The Way

This essay is part of a series reflecting the moments leading up to and following capturing some of the images featured on the site.


The trail to South Sister’s summit still hides beneath a dirty layer of snow though June. We are left following a maze of boot prints in the general direction of camp: up. Our midweek climb means the cold wind only carries the sound if its presence and the occasional low growl of thunder from the retreating storm. We indulge ourselves in the silence; we recognize its rarity, especially on this popular trail.


All three of us are Graduate students. Our lives and “free time” are defined by exams, papers, and presentations. Our only moments of inward contemplation happen in the shower – the only ecosystem our laptops are unable to survive. Right now, our only thought is, “where is the trail,” physically and metaphorically. After our three-hour drive and late start, it was already late afternoon by the time we left the car. The forest is winding down, so are we.


We crested the ridge onto the plateau at the base of South Sister’s 10,358’ summit alone. Still, not a soul. The golden hour was preparing to bathe the landscape in the final rays till morning. We pitched our tents on bare ground, nestled beneath a standing of trees opening towards the summits of the Sisters and Broken Top. We sautéed vegetables and sausage as the sun fell beneath the horizon. Still the only sound is the wind and the hiss of our stove.


We enjoy the conversation of close friends as we watched the sun’s warmth leave the landscape. Blue sky turned black and the pinholes of stars began to shine through the darkness. I set my alarm just before the peak of the Milky Way, put my camera batteries in the sleeping bag, and sealed my sleeping bag from the cold.


I reluctantly left the warmth of the sleeping bag behind for the stillness of night. The batteries still warmed by my chest, I grabbed the icy head of the tripod and began to walk away from my nylon bed. The wind had ceased, the moon was nowhere in sight, and the Milky Way dominated the sky. The thirty second exposures necessary to capture the depth and detail of the night sky dragged on in silence bookended by the click of the shutter.


For twenty minutes, there was absolutely no sound, no thoughts, no noise. Both internally and externally, I felt solitude. I wasn’t thinking about grad school, the cold, the summit, or how the images would turn out. For a brief moment, I was draped in gentle stillness; the clarity of my mind mirrored the clarity of the night sky.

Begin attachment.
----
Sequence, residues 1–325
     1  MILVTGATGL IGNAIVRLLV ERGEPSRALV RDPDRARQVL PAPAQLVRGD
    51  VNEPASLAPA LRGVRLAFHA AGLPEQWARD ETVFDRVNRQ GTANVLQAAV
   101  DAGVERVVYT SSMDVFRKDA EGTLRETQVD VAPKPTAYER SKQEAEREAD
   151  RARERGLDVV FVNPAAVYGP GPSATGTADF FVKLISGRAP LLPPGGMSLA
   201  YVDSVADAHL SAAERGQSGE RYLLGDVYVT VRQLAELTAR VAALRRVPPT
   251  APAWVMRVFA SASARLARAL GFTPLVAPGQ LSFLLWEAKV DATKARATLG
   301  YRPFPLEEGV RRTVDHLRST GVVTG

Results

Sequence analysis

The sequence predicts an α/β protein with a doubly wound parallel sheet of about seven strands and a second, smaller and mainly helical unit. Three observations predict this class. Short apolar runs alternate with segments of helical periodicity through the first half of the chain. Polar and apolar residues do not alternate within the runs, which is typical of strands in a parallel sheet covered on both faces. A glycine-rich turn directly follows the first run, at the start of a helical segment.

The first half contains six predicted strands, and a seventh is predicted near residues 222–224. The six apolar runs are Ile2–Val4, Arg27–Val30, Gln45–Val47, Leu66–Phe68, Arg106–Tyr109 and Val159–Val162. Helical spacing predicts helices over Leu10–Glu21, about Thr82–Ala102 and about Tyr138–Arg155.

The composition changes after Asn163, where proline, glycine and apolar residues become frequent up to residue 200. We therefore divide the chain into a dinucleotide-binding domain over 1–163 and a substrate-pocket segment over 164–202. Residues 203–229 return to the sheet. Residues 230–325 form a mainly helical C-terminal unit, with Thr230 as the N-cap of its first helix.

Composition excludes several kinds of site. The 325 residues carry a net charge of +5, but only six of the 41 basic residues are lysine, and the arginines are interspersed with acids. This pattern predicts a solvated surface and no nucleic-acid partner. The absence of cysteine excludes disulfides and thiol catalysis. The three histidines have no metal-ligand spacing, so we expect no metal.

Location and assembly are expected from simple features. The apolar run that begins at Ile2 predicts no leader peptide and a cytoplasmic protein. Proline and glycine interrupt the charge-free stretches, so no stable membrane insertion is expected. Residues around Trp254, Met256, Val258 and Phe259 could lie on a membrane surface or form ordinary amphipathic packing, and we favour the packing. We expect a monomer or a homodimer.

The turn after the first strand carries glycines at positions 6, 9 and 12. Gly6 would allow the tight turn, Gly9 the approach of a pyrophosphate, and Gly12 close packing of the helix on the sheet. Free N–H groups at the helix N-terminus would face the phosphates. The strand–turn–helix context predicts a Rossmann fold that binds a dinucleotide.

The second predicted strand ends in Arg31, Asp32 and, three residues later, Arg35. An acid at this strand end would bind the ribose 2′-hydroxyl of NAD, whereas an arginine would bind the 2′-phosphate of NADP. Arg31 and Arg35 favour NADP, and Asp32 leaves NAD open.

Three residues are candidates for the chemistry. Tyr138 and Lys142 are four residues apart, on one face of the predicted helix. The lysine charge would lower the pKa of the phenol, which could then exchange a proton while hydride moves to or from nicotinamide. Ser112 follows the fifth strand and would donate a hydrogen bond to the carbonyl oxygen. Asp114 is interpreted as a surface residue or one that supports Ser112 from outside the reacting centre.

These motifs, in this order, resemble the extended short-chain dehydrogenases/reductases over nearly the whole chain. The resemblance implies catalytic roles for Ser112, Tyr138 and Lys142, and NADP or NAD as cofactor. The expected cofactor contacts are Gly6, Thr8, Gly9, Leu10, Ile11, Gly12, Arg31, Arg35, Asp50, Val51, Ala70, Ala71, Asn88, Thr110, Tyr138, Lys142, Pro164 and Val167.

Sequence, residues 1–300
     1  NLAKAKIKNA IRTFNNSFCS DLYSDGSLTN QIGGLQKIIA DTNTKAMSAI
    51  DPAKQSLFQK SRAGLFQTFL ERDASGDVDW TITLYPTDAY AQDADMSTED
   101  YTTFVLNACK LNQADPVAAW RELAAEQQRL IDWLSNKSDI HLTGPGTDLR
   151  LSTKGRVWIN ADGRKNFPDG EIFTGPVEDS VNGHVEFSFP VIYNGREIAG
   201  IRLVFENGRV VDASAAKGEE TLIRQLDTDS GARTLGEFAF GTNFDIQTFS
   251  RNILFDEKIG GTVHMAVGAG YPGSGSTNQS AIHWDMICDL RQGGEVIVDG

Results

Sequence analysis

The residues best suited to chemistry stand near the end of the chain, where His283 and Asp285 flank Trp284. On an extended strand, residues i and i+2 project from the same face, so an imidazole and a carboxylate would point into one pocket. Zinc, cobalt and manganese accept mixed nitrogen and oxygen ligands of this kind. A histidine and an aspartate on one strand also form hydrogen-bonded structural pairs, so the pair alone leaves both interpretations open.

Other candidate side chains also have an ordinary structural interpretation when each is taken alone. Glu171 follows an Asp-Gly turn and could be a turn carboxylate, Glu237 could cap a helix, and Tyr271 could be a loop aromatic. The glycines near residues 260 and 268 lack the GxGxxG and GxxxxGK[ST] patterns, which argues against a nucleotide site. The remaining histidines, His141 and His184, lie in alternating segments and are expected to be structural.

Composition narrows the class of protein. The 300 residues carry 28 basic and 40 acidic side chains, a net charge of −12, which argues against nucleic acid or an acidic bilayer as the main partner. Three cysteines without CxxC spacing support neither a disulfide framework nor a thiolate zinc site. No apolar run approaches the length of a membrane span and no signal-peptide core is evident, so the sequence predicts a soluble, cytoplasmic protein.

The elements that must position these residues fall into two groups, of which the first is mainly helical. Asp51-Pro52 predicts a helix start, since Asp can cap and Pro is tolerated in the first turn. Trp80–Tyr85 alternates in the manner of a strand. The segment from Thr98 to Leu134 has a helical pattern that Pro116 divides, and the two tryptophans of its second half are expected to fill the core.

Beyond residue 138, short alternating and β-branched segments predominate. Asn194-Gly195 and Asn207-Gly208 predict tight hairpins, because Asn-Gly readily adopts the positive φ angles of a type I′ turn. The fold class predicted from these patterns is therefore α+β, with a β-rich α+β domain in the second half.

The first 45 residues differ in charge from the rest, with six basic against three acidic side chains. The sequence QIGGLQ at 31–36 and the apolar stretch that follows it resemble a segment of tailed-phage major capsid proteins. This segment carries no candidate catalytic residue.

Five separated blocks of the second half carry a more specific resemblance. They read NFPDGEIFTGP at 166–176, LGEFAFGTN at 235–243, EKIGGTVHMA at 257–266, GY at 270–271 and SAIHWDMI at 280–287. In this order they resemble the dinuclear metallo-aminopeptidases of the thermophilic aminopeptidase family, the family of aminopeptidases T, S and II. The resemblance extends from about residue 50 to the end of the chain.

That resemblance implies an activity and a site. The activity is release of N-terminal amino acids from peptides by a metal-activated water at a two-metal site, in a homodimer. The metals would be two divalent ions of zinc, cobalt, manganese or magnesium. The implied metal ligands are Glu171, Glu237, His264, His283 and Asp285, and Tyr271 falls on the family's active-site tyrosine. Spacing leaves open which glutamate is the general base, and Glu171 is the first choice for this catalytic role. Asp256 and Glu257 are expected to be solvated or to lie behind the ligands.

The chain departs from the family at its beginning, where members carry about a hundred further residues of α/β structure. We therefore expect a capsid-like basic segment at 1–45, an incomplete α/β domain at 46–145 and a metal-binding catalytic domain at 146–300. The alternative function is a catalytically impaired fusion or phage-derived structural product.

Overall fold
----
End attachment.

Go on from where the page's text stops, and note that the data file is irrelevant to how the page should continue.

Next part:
The next morning, we drank coffee and left for the summit. The trail wanders across the plateau beneath the looming presence of South Sister’s massif before moving up a ridge to the summit’s crater rim. For most of the day, we wandered patches of snow and scree fields with a welcomed sense of solitude. We joked and discussed life, its struggles, and the future; we spoke, not with a sense of dread, but with a confident matter-of-factness intertwined with hints of uncertainty.


Packing up camp, the silence from the night before still rippled through my mind. The ambient noise usually echoing throughout my consciousness had ceased and gave way to stillness and deep contemplation – the reason I came. I was about to leave someplace therapeutic, a place I felt peace. So much effort went into facing twenty minutes of stillness, and when would I have it again? When would I find myself alone beneath the Milky Way again? Despite my reluctance to leave, the stillness traveled with me. The stillness was not attached to the place but was created in the place. This is the design, our time apart from nature is in balance with our need to escape to nature. Peace and stillness are found in the escape, not the place of escape. So rather than asking when this feeling will happen again, I take comfort in knowing it will happen again. This is The Way.

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© 2020 High Sierra Collective

Salem, Oregon

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